In my opinion it takes more than a bit of the luck of the draw to win contests. But it also takes brewing very good beer. By your scores you already do that. A lot of good advice in the replies I read above. My advice is this- review Mark Tanner's presentation from this year's AHA Conference. I am a committed extract brewer. I saw his presentation in person. I want to win contests and Mark has done so as an extract brewer for years. I assume by your question you want to do the same. By all means if you want to go all grain, make the jump. If you want to improve your current technique, check Mark's advice and feel free to contact me.

202
Yeast and Fermentation / Re: Blow out tubing?
« on: September 04, 2010, 07:03:31 PM »
You're fine. You should get yourself a blow off tube. Here's the description:

Quote
Pre-cut 3.5ft. section of clear 1" OD vinyl tubing. Fits directly in the neck of standard or acid-style glass carboys. immerse the other end in a bucket of sanitizer to manage blowoff during primary fermentation.

Also, sanitize the end you are sticking in the carboy. You may already be past the point of needing this. In the future you may want to consider using a 6 or 6.5 gallon carboy or plastic fermenter (bucket) for primary and use the 5 gallon carboy for secondary.
Without knowing what your first couple batches were, I'm guessing this IPA was the highest OG batch you've done so far. I say you're fine because with a vigorous fermentation like this it is pushing out enough CO2 that you don't really have to worry about contamination. The worst that might happen is the airlock getting clogged and pressure building up and smashing your carboy, which could have been really dangerous. But that would have already happened and it didn't because you said it is spraying out the top of the airlock. I think the airlock would probably pop out before the glass would break.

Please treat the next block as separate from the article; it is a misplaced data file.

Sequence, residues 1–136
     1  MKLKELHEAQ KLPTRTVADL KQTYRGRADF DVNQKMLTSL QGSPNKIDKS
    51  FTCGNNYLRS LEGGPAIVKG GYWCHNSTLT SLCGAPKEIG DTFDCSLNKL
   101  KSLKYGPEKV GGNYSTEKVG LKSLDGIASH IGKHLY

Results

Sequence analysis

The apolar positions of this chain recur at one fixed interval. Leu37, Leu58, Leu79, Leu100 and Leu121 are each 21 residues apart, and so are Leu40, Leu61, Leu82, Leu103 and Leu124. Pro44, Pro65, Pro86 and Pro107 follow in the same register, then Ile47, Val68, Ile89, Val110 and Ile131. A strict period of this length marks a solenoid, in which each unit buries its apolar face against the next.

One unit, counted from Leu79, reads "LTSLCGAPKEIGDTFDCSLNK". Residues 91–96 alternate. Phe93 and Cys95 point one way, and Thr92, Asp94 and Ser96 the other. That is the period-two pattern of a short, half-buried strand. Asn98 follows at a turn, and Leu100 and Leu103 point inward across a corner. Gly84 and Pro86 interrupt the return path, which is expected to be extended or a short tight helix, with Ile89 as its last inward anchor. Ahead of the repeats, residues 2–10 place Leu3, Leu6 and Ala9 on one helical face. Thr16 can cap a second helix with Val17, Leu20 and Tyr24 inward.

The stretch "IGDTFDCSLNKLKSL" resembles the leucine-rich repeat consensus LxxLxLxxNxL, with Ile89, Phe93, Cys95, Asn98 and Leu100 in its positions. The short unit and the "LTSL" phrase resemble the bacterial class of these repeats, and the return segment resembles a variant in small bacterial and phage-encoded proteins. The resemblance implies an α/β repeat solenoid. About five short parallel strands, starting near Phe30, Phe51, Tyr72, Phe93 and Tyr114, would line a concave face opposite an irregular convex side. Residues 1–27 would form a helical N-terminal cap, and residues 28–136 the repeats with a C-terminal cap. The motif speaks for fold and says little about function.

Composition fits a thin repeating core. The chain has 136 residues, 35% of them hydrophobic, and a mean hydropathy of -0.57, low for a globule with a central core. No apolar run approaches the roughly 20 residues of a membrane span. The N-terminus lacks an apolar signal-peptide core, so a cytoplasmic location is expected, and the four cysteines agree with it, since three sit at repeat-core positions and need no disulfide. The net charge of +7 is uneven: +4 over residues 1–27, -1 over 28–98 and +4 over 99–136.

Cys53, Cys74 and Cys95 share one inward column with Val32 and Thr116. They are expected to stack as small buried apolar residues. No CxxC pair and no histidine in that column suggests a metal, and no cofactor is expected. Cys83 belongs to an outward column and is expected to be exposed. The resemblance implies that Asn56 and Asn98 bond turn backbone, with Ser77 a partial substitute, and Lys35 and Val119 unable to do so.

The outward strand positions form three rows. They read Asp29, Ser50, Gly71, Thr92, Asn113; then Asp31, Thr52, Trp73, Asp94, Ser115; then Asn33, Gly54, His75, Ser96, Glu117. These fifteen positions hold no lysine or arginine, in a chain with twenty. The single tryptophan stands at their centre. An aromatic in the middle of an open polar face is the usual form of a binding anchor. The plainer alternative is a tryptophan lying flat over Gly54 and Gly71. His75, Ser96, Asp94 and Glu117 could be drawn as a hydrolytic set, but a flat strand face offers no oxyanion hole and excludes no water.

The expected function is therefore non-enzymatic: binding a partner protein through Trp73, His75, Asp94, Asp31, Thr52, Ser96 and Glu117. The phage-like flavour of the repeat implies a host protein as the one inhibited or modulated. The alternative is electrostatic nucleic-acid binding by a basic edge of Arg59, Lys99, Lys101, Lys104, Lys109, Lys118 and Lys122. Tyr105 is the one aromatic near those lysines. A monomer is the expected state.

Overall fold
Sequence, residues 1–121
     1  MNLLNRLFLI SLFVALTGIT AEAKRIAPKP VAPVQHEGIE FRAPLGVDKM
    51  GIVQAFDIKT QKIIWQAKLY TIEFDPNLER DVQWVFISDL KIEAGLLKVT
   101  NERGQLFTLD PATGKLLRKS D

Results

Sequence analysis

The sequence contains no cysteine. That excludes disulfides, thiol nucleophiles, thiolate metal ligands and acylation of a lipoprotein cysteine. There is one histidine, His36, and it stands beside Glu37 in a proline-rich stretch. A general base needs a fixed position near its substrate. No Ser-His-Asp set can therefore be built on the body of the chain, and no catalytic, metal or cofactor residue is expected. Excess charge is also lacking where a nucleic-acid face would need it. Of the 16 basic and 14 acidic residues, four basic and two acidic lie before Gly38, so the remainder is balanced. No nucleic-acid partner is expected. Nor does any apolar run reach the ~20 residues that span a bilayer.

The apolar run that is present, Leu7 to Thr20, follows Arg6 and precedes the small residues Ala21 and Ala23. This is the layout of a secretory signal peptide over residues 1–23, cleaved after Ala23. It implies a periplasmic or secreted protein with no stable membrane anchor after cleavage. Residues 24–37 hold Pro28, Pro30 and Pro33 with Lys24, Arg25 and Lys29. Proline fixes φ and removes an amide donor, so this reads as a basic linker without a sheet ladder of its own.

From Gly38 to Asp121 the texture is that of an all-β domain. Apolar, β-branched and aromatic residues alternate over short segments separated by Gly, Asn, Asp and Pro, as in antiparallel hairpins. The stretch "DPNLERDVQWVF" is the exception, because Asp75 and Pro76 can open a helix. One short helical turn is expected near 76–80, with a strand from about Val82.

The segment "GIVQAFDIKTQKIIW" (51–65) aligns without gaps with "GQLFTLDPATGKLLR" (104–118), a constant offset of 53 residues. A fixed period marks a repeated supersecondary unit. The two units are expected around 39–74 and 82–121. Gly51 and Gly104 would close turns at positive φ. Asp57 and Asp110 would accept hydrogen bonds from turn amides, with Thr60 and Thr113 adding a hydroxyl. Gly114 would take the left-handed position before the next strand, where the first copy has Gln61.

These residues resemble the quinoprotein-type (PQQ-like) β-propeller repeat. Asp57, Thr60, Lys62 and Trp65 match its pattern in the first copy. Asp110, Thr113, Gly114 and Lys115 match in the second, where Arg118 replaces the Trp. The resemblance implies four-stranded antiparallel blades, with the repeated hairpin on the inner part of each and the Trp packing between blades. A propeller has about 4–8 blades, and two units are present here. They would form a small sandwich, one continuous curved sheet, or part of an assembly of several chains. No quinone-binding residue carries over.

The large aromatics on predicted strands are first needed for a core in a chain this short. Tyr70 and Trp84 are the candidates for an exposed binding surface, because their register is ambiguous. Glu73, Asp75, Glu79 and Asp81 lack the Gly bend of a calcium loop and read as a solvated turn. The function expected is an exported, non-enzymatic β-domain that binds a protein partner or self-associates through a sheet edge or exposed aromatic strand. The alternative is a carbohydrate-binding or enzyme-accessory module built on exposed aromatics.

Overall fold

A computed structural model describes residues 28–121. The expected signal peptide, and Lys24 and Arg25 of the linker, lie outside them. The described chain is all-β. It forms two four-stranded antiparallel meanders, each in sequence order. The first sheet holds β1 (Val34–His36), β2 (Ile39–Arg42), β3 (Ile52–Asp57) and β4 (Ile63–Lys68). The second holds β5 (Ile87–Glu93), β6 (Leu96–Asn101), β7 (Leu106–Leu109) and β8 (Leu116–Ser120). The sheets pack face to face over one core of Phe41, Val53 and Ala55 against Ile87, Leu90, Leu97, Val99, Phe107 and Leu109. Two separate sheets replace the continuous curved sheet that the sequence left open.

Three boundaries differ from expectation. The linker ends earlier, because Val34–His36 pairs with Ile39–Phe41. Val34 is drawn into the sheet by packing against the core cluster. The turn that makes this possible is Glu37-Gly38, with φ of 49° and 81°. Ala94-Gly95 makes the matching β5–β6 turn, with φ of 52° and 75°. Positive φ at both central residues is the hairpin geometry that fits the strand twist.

Sounds like you are off to a good start...

203
General Homebrew Discussion / Re: Cleaning soot of the brew pot
« on: September 01, 2010, 12:16:27 PM »
I use the soap on the outside trick in case of any soot build-up. Works great. I once had a brew session where I got a tremendous amount of build up and couldn't get a great flame going. Turns out that my burner had sat unused in the garage for awhile. I took it apart the next day and saw a cocoon in the tube totally blocking the air flow! I learned a couple lessons- keep your burners clean and brew more...

204
General Homebrew Discussion / Re: Storing Fresh Hops
« on: September 01, 2010, 08:07:26 AM »
My understanding, and experience, is that hops need to be thoroughly dried for long term storage. Freezing fresh hops may be OK for the short term. If they are not dried before freezing for long term storage then when you use them in the middle of winter or next spring they are going to make cheesy beer. Literally. I did it! May be OK if you are a cheesehead from 'Sconny, but here in Minnesota we like our beers citrusy!

205
The Pub / Re: The Final Round is today!!!
« on: June 17, 2010, 07:26:24 PM »